“No, this is different.” Mary grabbed her shoulder. “Have you noticed how he looks at everyone lately? The way he smells? He has this gleam in his eye.”

            “I…” Jane squirmed. “Now that you mention it, he does seem a little off.”

            “Have you ever tried to go into that back room?”

            “Well, no. Not lately.”

            “I did yesterday.” Mary slapped the table. “Guess what he did? He practically bit my head off. Sheila from accounting heard him, too.”

            Jane stood and grabbed her purse. “Maybe we’d better take a look for ourselves.” She glanced at the clock. “He’ll be gone for the next few hours.”

            “I’ll drive.” Mary jiggled her keys.

            Notice the difference? It is much longer, but it went from a boring and mundane paragraph telling the reader about something to a dynamic scene that showed the reader something.

            Now for the tricky part. There’s nothing wrong with telling in a story. However, there’s a time and place for it. Telling should be kept to a minimum. When it’s possible to show it, show it instead. You’ll have a much better story that way.

            A few more examples.

            Ron was bored.

            Oh…kay…so what? You’re telling the reader Ron was bored.

            How about:

            Ron yawned, tapped his foot, then rolled his eyes. He stood and paced, sat again, then tugged on his hair. “I can’t stand this!”

            Now it shows Ron is bored.

            The storm raged on.

            This is a case where, depending on time and expediency, you could go from show to tell, depending on how necessary the more elaborate show is, versus, whether it’s needed or not.

            The winds continued to blow, lightning flashed, rain fell in huge waves that flooded the streets.

            How important is it to describe the storm, or is it just an aside to let the reader know something that was already described before?

            This is a case where showing is okay since the telling has already been done…maybe ad nauseum.


            Show versus tell is always better for a more active story, but there IS some discretion. There IS a time and place for tell. If you’re a literary writer, in love with words, you can probably get away with more tell. However, if you’re an action-oriented writer, a commercial writer, then you need to get to the point right away.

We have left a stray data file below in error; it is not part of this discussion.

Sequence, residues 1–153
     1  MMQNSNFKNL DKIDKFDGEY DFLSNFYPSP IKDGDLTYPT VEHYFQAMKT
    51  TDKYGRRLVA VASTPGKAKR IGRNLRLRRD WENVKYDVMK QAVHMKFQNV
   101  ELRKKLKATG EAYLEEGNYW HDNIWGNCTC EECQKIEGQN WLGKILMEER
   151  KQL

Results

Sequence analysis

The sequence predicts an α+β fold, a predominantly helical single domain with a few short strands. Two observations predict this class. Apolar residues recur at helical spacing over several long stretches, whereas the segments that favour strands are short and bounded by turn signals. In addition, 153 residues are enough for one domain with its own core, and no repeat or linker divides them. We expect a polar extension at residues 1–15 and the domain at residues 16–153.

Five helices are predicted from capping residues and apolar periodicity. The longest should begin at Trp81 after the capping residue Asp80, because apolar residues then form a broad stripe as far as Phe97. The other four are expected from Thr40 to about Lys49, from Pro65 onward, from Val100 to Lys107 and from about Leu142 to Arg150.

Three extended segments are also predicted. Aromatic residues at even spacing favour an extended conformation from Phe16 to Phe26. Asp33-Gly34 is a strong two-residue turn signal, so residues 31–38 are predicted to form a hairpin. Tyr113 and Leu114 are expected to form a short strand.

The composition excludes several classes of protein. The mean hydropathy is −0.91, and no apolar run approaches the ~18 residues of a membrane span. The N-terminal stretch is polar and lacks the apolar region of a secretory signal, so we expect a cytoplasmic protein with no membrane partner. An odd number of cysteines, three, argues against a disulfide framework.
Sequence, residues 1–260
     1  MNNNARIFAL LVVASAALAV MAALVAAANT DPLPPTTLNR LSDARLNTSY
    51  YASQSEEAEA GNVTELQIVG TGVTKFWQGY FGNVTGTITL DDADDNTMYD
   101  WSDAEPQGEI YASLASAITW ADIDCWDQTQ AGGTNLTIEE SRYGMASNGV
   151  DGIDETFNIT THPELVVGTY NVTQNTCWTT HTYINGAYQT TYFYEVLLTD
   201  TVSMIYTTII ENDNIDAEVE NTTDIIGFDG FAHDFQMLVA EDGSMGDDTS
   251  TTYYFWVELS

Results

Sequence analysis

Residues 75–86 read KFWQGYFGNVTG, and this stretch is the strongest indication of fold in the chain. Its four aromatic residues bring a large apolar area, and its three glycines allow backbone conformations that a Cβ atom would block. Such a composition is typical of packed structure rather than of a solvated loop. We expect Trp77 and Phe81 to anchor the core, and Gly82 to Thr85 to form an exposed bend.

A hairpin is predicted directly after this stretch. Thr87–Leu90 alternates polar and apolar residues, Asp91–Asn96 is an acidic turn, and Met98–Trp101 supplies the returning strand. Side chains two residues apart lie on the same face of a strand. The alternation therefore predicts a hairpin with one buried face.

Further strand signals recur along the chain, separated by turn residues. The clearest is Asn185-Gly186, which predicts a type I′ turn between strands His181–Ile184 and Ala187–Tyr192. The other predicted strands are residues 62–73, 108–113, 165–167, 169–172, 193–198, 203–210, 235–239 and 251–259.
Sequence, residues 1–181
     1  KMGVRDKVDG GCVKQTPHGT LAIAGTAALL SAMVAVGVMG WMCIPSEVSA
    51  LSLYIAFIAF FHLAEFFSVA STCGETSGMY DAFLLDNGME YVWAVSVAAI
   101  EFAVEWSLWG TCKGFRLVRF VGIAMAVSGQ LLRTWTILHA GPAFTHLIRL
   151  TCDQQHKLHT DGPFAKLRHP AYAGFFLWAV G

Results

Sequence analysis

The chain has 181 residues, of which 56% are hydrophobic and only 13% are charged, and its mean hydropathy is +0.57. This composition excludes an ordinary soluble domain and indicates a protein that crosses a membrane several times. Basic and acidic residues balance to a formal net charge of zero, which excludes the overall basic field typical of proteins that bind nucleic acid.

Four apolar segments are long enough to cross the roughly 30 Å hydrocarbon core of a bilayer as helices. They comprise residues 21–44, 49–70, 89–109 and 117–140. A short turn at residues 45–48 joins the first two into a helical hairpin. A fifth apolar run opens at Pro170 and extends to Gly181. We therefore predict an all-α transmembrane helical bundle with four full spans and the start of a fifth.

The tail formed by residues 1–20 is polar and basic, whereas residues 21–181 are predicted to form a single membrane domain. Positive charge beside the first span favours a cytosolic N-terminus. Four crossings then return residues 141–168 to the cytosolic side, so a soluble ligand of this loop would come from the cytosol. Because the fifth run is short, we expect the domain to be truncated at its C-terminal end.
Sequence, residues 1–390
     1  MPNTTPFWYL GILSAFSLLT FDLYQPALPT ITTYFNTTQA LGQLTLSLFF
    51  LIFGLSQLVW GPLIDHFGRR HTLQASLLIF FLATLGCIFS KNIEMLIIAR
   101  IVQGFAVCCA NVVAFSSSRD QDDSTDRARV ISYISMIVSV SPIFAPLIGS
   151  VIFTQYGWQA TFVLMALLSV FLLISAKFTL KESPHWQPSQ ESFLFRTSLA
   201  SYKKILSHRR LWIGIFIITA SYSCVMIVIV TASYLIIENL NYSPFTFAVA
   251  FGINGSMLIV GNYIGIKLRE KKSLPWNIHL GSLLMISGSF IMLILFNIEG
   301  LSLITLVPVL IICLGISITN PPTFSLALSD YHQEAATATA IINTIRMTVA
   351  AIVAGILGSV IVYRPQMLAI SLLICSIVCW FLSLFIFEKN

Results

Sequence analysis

Showing and not telling is essential to keep the writer engaged.

            Happy writing!


May 12, 2021

            I just did an article on dreams last year, so it’s a bit soon to revisit the subject. However, for the past few months, I’ve had some more vivid ones that broke through the barrier so that I almost recalled them.

            When I think about it, if I’d had a notebook nearby, I might have been able to jot down some details to store for later.

            The problem with that?

            My writing is so terrible, I probably couldn’t read my own writing, let alone understand any shorthand if I went into details and didn’t flesh it out. Another problem is that the effort to write it all down would also tend to make me forget what I was dreaming about in the first place.

            The solution?

            Fire up the computer.

            That’s a fine idea if it’s a weekend.

            A workday, not so great. I have a different routine which doesn’t allow for computer time. It would be a stretch to allow for notebook time.

            The fact is that making allowances to jot down dream ideas is just not worth it for me.


            It goes back to the fact that as I alluded to in my original article, none of those dreams are related to anything I’m currently writing.


            This is where dreams may matter.

            If you have better penmanship, a different set of habits waking up, maybe early morning access to a computer, maybe don’t have so many stories already in your head, this could be the golden goose for you.

            This harkens back to a recent article, Write My Story For Me. If you’re lacking inspiration, or are seeking ideas, what better way to do it than to mine your dreams?

            This might be the time to start jotting down notes from your dreams. No matter how screwy they may be, once you build a list of them, they might inspire a story idea.

            If they’re nightmares, well…that could be good and bad.

            I know of some people that keep a diary of their dreams for mental health purposes. Those diaries could be a gold mine for story ideas. They would have to be disguised, of course, to not reveal personal issues, but might be the catalyst for something great.


            Dreams aren’t always a great idea either. They can be disjointed, distorted, conflicting, or downright nightmares that make no sense at all.

            Not only that, but upon waking, just trying to recall them changes them into something else.

            They can bring back extremely unpleasant memories best left alone.

            They can trigger recurring nightmares (this could be good for horror writers).

            They can cause emotional problems.


            While I’ve sometimes had vivid dreams, and only occasional nightmares, for the most part, while sometimes vivid, I most of the time forget them as soon as I wake. I can recall the ones that recur, but they’re not something I’d want to use in a story.

            What I do use in storis are daydreams.

            I daydream. I’m fully conscious and dream up stuff all the time. This is not the same as sleep dreaming. I’m fully aware of my surroundings and am actively thinking of what I’m doing. I’m creating.

            Do I use every daydream?

            Of course not.

            I use some of them. I ponder and alter and repeat and rinse. I keep refining until I sit down and start writing. Then it just flows. Soon my daydream turns into a story.

            Is it a complete daydream?

            Of course not.

            Oftentimes it’s just a nugget of an idea. A main theme that I build on. From it, I create my A and B and then I go off on the adventure.